Tillerson had spent time in the 1990s overseeing a flagship Exxon project in Russia. And he flew there in 2011 to meet with Putin and announce a strategic partnership with Rosneft, the national oil company that absorbed Yukos' main assets after Khodorkovsky was thrown in jail. 

The two companies were to jointly develop potentially massive oil reserves in Russia's Arctic waters, the Black Sea, and Siberian unconventional resources. Putin spoke of investments from the deal eventually reaching perhaps $500 billion -- a big number even for Exxon. No sooner had the venture struck oil beneath the Kara Sea, though, than Exxon was forced to down tools as U.S. sanctions over the Ukraine crisis kicked in. 

Exxon is no stranger to dealing with inconveniences like sanctions, nationalizations, and wars. But if Russia remains frozen out by sanctions for years, then Exxon may need a plan B for 2020 and beyond. 

Ostensibly Exxon is awash with drilling opportunities. At the end of 2015, it had proved reserves of almost 25 billion barrels of oil equivalent but claimed overall resources of 91 billion. 

When you produce around 4 million barrels of oil equivalent a day, though, it is a constant struggle to find that next big pool of resources to offset declines in old fields with fresh ones for years to come. That struggle gets even harder when oil and gas prices collapse and you have to cut investment to help protect a sacrosanct dividend. 

Even when oil and gas prices were high, Exxon kept missing ambitious production growth targets. Overall production last year was actually lower than in 2006, Tillerson's first year as CEO; output of higher-value oil has dropped by roughly a fifth.

In addition, Exxon's reserves replacement ratio plunged below 100 percent last year. Granted, much of that reflected the impact of lower natural gas prices causing Exxon to de-book some U.S. reserves. Still, this was a reminder that Exxon had mistimed another big deal aimed at refilling its tank -- namely 2010's $35 billion acquisition of shale gas driller, XTO Energy. 

And, looking at Exxon's cumulative record on replacing reserves, it's clear these metrics have been slipping in recent years. Since 2006, reserve replacement including acquisitions has been 129 percent (not including the effect of disposals). Organic reserve replacement, though, has been 101 percent.

[Excerpted - read the original article  here - BLOOMBERG]

What Exxon, like any major, really seeks are very large, oil-focused prospects that play to its strengths, where reserves can be booked periodically to top up the tank and high upfront costs can be defrayed over decades of production. In other words, exactly what Russia potentially offered.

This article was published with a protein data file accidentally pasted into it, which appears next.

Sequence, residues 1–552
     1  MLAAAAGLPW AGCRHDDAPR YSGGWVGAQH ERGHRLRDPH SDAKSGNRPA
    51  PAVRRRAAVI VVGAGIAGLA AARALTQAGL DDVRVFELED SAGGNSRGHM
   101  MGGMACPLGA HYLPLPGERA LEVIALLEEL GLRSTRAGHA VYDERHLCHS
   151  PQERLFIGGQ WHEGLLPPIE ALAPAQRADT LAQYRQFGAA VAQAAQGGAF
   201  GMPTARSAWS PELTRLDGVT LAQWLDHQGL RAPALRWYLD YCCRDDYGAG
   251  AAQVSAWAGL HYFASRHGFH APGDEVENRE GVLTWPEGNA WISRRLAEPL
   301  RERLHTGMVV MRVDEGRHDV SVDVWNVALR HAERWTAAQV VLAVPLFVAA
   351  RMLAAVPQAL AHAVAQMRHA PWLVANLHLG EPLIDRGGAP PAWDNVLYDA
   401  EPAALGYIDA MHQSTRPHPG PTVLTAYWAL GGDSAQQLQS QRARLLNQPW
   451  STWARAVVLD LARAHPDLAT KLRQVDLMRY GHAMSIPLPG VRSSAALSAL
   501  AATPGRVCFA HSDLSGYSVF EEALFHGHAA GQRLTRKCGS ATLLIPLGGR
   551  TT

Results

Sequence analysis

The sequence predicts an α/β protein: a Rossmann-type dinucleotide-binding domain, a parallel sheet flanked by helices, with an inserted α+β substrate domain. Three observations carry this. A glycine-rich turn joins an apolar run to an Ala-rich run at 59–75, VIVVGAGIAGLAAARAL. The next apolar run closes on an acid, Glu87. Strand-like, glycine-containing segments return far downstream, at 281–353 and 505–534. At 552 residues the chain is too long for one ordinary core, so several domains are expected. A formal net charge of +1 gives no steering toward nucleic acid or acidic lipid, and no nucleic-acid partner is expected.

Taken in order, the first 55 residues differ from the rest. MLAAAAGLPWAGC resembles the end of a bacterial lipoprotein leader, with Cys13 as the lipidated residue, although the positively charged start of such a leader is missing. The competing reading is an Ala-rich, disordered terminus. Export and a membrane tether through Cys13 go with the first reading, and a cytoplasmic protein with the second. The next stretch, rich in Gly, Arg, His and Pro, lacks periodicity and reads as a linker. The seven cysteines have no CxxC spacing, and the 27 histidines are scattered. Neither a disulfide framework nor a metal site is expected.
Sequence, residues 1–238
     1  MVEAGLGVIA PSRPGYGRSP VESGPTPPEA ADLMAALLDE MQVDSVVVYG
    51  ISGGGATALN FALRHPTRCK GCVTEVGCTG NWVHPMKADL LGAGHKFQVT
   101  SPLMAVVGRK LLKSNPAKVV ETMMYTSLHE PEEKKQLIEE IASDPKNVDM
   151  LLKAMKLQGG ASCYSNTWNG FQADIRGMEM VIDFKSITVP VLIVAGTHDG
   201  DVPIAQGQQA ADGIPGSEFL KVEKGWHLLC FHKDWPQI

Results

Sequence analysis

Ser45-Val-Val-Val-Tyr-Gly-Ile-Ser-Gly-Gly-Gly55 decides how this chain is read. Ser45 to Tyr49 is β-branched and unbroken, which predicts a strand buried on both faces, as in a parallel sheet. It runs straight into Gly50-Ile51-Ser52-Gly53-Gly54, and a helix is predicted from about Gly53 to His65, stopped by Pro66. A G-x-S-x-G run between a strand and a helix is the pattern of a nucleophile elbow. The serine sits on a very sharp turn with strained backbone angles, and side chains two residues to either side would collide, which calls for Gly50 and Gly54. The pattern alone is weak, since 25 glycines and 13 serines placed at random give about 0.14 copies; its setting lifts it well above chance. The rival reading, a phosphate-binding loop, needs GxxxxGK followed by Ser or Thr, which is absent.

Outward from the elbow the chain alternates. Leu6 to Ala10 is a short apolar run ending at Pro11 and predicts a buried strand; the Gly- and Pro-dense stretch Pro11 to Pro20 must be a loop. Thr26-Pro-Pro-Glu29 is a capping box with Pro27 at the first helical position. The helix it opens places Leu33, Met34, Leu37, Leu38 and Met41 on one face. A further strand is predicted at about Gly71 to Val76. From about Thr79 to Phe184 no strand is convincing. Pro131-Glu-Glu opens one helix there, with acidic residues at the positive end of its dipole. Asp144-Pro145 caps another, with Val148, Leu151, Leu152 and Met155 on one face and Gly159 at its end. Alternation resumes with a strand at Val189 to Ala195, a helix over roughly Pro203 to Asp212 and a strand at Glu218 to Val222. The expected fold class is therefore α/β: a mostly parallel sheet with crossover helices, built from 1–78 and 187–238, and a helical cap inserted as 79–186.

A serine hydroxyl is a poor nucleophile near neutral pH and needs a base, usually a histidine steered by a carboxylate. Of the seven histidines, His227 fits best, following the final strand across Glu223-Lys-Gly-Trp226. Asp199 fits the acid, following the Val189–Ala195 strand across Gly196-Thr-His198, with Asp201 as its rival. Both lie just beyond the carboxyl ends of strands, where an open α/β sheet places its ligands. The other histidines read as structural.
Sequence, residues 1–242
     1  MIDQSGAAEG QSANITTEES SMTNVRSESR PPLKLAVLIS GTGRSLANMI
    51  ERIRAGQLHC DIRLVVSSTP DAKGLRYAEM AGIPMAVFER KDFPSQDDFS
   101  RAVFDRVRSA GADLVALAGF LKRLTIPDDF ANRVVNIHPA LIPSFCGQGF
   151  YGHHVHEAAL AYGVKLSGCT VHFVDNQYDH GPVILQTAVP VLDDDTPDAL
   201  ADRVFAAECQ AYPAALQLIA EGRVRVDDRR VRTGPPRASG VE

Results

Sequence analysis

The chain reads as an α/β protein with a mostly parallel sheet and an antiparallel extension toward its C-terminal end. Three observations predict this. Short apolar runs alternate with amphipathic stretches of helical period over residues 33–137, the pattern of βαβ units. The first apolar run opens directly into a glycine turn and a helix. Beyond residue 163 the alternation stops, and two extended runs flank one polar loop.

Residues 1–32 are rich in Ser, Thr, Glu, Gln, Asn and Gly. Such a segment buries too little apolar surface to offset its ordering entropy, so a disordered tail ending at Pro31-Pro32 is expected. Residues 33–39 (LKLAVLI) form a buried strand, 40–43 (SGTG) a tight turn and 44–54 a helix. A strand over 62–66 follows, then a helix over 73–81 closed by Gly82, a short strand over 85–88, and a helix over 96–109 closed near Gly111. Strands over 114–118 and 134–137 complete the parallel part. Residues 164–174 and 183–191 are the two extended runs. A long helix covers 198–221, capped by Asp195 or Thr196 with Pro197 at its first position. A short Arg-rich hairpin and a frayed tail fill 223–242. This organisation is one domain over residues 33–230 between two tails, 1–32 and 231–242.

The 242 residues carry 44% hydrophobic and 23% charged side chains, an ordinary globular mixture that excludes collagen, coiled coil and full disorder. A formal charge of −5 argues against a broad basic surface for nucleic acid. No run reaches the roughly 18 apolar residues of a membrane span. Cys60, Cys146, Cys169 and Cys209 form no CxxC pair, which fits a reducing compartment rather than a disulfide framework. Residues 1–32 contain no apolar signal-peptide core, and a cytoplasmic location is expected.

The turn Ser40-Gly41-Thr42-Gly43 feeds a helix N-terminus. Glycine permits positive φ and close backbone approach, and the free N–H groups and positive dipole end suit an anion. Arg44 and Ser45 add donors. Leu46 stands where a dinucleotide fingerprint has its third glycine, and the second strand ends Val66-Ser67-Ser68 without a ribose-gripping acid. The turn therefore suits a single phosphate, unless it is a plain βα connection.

Whether focusing on such mega-projects is a good way to go is debatable, but for now that is Exxon's way. And the company's judgment on this score has notably been called into question this year. For example, as Wolfe Research analyst Paul Sankey has pointed out, the cut to Exxon's triple-A credit rating by Standard & Poor's was directly linked to concerns around the huge spending required to replace its reserves. 

If relations between the U.S. and Russia keep worsening and sanctions stay in place -- or even get sharpened -- then that puts a big question mark over where Exxon's next wave of production will come from and how profitable it will be. 

The obvious solution, as it has been in the past, is for Exxon to make another big acquisition, most likely in a less politically fraught, but still huge, resource such as U.S. shale (Texas' Permian basin, say, although that's looking crowded already).

One upshot of the worsening stand-off in Syria, and elsewhere, could be that those persistent rumors around Exxon buying the likes of Anadarko Petroleum, Apache or Occidental finally become more than just talk.

For some totally mysterious reason the US State Department seemed reluctant to "get on board" with this massive merger plan while Obama's sanctions, punishment for Russian Federation behavior in the annexation of Crimea, were still in place and beginning to show some results. Although it looked like Putin was remaining quite stubborn with respect to his ambition to own Crimea, there seemed to be a flicker of a growing possibility that his equally illegal ambitions to also own Eastern Ukraine might be softening.

However, for EXXON, ROSNEFT and Putin, the real question was "What could be done about this irritating, lingering, State Department 'problem?'

Sorry, Big Oil, It Looks Like This Is Just Going
 To Be "One Of Those Things"
Darned State Department. Darn sanctions.
Oooops. Did you forget about the election?
What a difference a few months can make!

With the Trump "electoral victory" now well in hand, these "deal breaking frustrations" with the big ROSNEFT - EXXON "marriage" seem to have blown away like a "Russian North Sea Winter Time Breeze." Since the President-elect is wasting absolutely none of his "working hours" worrying about the good of the country, he's found himself enjoying an unexpected amount of free time -- time which can now be dedicated to getting the EXXON - ROSNEFT train wreck back on the tracks!

Plus, suddenly being President should help, too. And, perhaps most important of all, being a new President also includes picking a new Secretary of State. After all, these problems with the big ROSNEFT deal seem to be coming from the State Department and all those damned sanctions. Although The Donald is not particularly concerned about the "running America stuff," he is understandably attracted to the giant pile of profit which might spring forth from "friending it up" with Putin and the Russian oil heavies at ROSNEFT.